Remember during training to take recover days. If you want to use a heart rate monitor find your resting heart rate, laying in bed in the morning. After you run through your training schedule take a rest period until you return to your resting heart rate in the morning.

Max heart rate is calculated by 220 - your age.
Surly Disc Trucker, Lightspeed Classic, Scott Scale, Klein Mantra Comp. First touring bike Peugeot U08 - 1966

Offline HobbesOnTour

Re: Vancouver, BC to Astoria - first long bike tour
« Reply #3 on: January 18, 2021, 10:29:06 pm »
Tara, forgive me if this comes across as patronising but there's a whole lot more to cycle touring than distance.

Working from the assumption that you haven't ridden seriously in 20 years, 100 mile days in a row is a big ask!
At an average of 12mph that's 8 hours straight on the bike. Start at 8 am and cycle continously until 4pm. Stop for lunch? Then it'll be 5 pm. Take a few breaks then arrival is back to 6 pm. Running behind schedule? That just adds to the pressure. I don't like touring under pressure.
(For the sake of comparison, I rearely clock up more than 5 hours moving in a day).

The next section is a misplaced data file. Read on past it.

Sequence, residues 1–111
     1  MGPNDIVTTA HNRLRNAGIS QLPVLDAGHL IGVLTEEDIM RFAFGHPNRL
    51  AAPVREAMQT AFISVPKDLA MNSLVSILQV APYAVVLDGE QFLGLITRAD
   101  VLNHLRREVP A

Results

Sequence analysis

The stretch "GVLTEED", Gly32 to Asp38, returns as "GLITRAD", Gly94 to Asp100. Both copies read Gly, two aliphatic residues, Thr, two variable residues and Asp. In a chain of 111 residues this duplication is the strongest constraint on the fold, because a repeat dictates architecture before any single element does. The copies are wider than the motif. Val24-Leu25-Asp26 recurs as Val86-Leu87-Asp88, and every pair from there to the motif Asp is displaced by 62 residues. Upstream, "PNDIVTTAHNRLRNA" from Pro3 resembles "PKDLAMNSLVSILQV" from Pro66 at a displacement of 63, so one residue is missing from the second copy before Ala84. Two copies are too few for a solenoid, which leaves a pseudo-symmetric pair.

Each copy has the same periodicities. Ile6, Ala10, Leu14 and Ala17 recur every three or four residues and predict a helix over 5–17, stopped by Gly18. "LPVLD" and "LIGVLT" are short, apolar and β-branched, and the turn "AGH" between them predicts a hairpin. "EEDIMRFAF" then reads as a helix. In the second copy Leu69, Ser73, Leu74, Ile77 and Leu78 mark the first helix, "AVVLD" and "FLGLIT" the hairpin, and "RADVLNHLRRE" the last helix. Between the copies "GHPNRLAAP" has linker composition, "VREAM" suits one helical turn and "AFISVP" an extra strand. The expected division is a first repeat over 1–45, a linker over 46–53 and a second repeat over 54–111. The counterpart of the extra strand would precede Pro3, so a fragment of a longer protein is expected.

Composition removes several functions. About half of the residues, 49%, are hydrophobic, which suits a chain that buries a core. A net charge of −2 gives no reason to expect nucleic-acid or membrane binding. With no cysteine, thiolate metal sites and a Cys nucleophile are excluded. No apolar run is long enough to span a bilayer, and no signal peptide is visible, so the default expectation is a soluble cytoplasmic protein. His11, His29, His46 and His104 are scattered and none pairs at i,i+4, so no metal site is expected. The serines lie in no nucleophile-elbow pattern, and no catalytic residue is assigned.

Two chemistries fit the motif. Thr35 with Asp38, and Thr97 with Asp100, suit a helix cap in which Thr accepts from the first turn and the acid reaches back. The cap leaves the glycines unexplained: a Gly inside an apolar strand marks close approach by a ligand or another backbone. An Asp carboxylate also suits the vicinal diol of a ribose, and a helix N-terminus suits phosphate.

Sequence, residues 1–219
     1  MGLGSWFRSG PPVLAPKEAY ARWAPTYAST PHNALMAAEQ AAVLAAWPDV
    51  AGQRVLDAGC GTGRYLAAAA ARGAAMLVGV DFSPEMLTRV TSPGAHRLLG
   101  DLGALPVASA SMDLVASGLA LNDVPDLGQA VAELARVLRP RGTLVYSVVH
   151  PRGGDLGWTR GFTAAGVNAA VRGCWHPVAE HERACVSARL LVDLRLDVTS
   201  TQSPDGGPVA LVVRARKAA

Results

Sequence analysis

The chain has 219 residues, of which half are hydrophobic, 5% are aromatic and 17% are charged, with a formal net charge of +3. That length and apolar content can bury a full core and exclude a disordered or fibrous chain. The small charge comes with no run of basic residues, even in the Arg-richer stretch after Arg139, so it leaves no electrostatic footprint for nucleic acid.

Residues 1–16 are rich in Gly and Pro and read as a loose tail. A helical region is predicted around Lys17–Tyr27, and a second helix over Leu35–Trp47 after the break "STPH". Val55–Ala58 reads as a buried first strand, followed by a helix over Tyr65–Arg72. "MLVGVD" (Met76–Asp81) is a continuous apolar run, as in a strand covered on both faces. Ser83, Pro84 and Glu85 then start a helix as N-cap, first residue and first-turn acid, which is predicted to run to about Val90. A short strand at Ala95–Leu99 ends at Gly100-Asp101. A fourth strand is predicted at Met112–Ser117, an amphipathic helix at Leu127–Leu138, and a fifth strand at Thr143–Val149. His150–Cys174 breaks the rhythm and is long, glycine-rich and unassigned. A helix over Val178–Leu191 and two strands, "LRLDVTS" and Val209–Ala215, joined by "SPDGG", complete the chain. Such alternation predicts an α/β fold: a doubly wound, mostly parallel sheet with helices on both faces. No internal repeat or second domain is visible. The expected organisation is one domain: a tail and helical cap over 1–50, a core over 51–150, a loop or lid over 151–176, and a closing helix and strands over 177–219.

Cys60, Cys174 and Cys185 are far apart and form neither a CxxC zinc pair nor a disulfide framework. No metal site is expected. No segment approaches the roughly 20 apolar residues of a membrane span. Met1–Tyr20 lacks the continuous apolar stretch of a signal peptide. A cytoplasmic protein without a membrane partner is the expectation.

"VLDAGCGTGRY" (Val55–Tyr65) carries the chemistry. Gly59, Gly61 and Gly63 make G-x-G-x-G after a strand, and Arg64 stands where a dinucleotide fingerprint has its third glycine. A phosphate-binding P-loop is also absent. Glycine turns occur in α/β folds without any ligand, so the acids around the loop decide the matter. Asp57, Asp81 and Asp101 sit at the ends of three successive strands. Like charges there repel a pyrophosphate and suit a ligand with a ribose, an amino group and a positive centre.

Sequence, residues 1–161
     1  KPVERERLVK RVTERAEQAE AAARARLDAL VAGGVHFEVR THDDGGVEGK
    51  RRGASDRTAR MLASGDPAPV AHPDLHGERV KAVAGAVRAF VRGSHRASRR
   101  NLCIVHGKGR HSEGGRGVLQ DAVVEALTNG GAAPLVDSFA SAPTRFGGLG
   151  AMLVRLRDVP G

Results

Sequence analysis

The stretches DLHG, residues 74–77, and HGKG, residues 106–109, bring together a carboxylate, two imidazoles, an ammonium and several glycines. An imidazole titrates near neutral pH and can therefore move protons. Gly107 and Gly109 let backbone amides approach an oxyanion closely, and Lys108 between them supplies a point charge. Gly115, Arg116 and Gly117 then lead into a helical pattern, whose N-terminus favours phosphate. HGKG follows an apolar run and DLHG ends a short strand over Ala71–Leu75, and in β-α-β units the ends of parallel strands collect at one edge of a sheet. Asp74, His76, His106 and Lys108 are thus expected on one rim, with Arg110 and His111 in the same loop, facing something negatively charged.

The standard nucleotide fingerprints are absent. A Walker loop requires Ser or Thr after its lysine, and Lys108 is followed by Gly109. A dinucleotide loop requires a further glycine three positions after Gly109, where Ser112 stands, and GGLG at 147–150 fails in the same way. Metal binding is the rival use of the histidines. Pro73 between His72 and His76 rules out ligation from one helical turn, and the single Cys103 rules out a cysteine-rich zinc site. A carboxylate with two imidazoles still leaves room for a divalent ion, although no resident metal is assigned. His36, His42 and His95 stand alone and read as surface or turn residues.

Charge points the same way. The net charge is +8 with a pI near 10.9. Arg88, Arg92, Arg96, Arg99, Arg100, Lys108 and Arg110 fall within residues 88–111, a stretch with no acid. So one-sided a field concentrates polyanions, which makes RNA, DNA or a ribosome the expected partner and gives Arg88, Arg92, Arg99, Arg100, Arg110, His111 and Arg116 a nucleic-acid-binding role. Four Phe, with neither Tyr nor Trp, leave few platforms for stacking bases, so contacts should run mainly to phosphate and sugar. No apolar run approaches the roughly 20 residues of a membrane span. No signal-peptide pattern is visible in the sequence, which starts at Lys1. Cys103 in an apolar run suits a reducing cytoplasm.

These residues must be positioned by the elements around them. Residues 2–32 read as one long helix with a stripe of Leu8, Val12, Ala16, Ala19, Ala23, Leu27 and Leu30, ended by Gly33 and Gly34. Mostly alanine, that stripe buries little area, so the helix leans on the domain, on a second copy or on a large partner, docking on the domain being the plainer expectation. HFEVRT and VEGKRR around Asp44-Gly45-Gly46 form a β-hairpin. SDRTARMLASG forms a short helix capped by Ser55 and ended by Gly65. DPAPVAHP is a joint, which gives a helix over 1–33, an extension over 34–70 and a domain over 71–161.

Assuming you have a bike, my advice would be to use it as much as possible. Get to know how your body reacts. What does 50 miles feel like? And the next day?

When you have an idea what speed/distance you're comfortable covering, repeatedly,  then you'll be in a better position to plan.

I've seen it said before that for a regular cyclist if they add up their weekly mileage then that is roughly the distance they can expect to cover in one day. From my experince it seems to hold up - I commuted 200km a week and would be confident of being able to cover 200km in a day. Of course, touring, with baggage and presumably an emphasis on enjoyment, will be a bit different.

For me, touring is all about tbe experience, being in the moment. There's a wonderful sense of freedom, there's no work, no appointments. Being able to stop and appreciate wherever I am and interact with the people I meet. Food, no matter how basic, can taste delicious! These are all difficult things to experience and appreciate if we're rushing, racing the clock and tired.

For what it's worth, I have never trained for a tour. I do practice, though. I go away for long weekends or little overnights. I prefer to camp. I'd often cycle a roundabout route to end up in a campsite 10km from my front door. In winter, I practiced cold weather camping on a friend's farm. I learned about navigation, eating, drinking, cooking, gear, weather, mechanics etc. by doing. I was getting fitter, sure, but I was also developing knowledge and skills that made a bigger tour far less daunting and more enjoyable.

Best of luck!







Offline tara.chklovski

Re: Vancouver, BC to Astoria - first long bike tour
« Reply #4 on: January 23, 2021, 01:55:29 am »
Hello HikeBikeCook, HobbesOnTour and John!

thanks all for the super valuable advice to a newbie! HobbesOnTour, I think I have the same philosophy and appreciate the advice! Pressure doesn't sound right.

Thank you to each for sharing these valuable nuggets!

So appreciated :)

Tara